First and foremost, for those organisations that want to build wide brand awareness. Often these are, for example, producers of fast-moving consumer goods – the kind we buy in the supermarket and where instead of an advanced decision-making process, we rely on so-called micro- and macro-decisions (i.e. I walk around the supermarket with my trolley and buy what I come across; I don’t stand in front of the shelf with a smartphone in my hand, reading reviews, comparing prices, technical specifications, etc.)
Marketers are well aware of the fact that people who have a choice of three different olive oils, for example, will most likely choose the one whose name has positive associations for them (even if it will cost slightly more than the other oil!) And they have positive associations with that name they saw earlier on TV – in the sunny advertising spot with the smiling lady and cheerful soundtrack that left a pleasant memory in their subconscious (which they don’t even need to be fully aware of!)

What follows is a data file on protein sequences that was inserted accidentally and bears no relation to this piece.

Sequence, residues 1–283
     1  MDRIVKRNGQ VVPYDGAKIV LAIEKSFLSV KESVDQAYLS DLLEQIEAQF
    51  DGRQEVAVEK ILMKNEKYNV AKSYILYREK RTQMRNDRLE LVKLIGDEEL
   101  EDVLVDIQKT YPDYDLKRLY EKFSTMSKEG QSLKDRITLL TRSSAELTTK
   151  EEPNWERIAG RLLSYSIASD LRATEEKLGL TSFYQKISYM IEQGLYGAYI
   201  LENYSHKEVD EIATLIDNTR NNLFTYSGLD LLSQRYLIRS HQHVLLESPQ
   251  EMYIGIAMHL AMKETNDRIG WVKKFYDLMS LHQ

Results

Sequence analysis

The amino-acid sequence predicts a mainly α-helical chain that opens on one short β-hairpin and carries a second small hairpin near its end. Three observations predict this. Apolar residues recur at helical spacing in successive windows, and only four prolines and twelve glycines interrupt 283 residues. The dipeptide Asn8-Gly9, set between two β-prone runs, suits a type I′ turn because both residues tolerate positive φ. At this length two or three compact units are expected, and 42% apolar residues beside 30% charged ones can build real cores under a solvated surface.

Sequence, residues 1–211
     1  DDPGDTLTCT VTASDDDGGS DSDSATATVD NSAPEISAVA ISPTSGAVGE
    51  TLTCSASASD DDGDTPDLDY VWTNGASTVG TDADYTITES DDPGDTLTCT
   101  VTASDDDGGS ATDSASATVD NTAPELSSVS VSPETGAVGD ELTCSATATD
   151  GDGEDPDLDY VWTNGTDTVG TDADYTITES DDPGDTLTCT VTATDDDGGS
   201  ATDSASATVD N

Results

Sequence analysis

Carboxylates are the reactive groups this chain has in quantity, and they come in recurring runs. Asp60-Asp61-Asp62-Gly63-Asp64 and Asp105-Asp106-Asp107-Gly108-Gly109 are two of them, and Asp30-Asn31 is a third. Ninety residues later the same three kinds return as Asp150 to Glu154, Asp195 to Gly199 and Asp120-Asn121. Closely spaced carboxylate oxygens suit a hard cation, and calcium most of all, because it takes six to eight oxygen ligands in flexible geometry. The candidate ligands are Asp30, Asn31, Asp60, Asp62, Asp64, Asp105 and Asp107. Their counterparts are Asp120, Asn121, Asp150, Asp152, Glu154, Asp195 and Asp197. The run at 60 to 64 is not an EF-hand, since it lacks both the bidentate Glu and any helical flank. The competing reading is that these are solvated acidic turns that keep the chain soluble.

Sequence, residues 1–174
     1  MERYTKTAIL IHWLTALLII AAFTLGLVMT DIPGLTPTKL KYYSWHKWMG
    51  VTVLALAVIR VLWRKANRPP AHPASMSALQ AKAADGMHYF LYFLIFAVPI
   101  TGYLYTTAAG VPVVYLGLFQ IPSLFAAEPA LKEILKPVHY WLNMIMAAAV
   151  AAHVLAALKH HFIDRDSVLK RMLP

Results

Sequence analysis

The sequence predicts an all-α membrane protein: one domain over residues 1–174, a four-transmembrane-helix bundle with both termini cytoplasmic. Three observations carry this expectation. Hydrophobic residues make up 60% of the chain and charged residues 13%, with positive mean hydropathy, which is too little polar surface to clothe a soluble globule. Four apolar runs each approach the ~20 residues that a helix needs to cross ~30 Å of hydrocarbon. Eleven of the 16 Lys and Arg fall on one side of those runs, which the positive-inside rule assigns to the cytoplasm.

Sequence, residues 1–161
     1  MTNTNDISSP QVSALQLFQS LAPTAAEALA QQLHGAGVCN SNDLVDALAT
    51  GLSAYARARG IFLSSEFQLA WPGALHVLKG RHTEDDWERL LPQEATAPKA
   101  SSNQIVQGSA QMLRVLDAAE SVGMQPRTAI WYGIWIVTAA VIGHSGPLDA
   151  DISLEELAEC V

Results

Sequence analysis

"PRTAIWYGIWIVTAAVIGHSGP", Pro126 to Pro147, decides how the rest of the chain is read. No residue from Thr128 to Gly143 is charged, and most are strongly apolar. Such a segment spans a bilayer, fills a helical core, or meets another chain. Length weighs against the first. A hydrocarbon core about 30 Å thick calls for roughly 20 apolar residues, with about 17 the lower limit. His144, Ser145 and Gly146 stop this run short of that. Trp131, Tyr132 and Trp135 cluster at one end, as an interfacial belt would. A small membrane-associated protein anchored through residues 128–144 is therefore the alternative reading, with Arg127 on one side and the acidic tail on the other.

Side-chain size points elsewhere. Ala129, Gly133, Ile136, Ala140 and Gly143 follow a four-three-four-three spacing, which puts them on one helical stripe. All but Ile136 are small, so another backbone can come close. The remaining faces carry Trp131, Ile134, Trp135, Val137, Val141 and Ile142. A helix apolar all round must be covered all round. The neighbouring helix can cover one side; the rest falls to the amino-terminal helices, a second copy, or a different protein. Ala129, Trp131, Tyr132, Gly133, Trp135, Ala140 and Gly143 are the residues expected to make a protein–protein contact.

The next group that cares about creating the widest possible brand awareness are organisations with ideological or lifestyle ambitions. Instead of strictly sales campaigns, they decide to take actions aimed at bringing the brand closer to the consumer not only in terms of the problems that their products solve, but also (or perhaps primarily) in terms of the values represented or the lifestyle they want to be identified with. In this way, we consciously polarise the market by coming out in favour of one side of the “divide” – we cease to be indifferent; we gain supporters (and also “enemies”, but even this may be a welcome phenomenon! Take, for example, the “Vote the assholes out” campaign conducted by Patagonia before the last US presidential election) and we bring them closer to us.